Officials restrict international bridge traffic to passenger vehicles only
MADAWASKA, Maine — Inspectors have uncovered more steel deterioration than anticipated on the aging international bridge between Madawaska and Edmundston, New Brunswick, forcing Maine and New Brunswick transportation officials to place weight limits that beginning at 4 p.m. Friday will prevent most commercial vehicles from crossing at that location.
“During a recent inspection of the bridge, inspectors found significantly more steel deterioration on the floor beams and stringers than expected,” according to a press release issued Thursday by Maine Department of Transportation spokesperson Ted Talbot.”
As a result, officials on both sides of the St. John River have agreed to set the weight limit on the bridge at five tons, down from the current 50-ton limit.
“The new weight limit ensures that the bridge remains safe for passenger vehicles but restricts all commercial vehicles over five tons, including tractor trailers, box trucks, buses and fire trucks,” Talbot said in the release.
That means such commercial traffic will have to seek an alternate route, likely a lengthy detour, through one of the closest border crossings in either Fort Kent, 20 miles away, or Van Buren, 25 miles away.
Talbot said the average traffic, based on annual totals, is about 2,500 vehicles daily, including about 95 trucks per day.
The MDOT and New Brunswick Department of Transportation and Infrastructure are working on a plan to complete temporary repairs as soon as possible, according to Talbot.
Once those repairs are done, engineers will re-evaluate the situation.
“However, weight restrictions of some magnitude will remain in effect until a replacement bridge is complete,” Talbot said in the statement. Officials are still evaluating what temporary repairs to make, when they will start and how long they will take, he said later in an email.
The bridge was built in 1921 and is nearing the end of its useful life, according to the Maine DOT. The average age of the bridges the agency wants to replace is approximately 70 years.
Representatives from agencies on both sides of the border have been discussing options for either replacing or repairing the structure within the next few years, but those plans are still in the development phase.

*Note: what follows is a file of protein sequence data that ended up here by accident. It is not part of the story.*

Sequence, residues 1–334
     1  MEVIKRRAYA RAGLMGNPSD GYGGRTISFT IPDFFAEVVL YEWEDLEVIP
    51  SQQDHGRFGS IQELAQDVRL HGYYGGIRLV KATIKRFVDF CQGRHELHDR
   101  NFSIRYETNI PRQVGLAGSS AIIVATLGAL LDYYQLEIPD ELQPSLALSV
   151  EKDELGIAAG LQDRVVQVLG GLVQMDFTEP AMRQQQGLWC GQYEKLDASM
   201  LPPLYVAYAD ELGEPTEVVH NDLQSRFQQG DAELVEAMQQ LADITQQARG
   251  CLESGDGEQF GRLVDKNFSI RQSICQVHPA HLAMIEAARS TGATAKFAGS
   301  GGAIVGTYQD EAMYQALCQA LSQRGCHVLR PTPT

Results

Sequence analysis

MDOT representatives notified officials in Madawaska and Edmundston of the pending changes on Wednesday, according to a public notice on the Town of Madawaska’s Facebook page.
Madawaska Fire Chief James Soucy said Thursday that he is concerned about the impact the weight limit will have on the assistance the departments from Madawaska and Edmundston currently provide each other.
Any fire truck or tanker the Edmundston department normally would send across in a mutual aid situation would be too heavy and unable to cross the border under the weight restriction. The same goes for Madawaska firefighters assisting in Edmundston.
“That would really give me a problem,” Soucy said.
The chief said only the Madawaska department’s pick-up truck is under five tons.
Soucy said he was looking into whether any exceptions could be made in an emergency, although he was unsure if that will be allowed.
Aroostook County Emergency Management Director and North Lakes Fire Chief Darren Woods said that such exceptions are unlikely, as it would make little sense to send a rescue vehicle across an unsafe bridge.
Soucy said he is especially concerned having the paper mill right in town. With the Edmundston Fire Department, only minutes away, unable to respond if needed, Madawaska would have to rely on assistance from the next closest and smaller fire departments in Frenchville, Grand Isle and St. Agatha.
Those communities are between eight and ten miles from downtown Madawaska, while the Edmundston Fire Department is about a mile away.
“It’s crazy,” Soucy sad. “To all of a sudden get this notice.”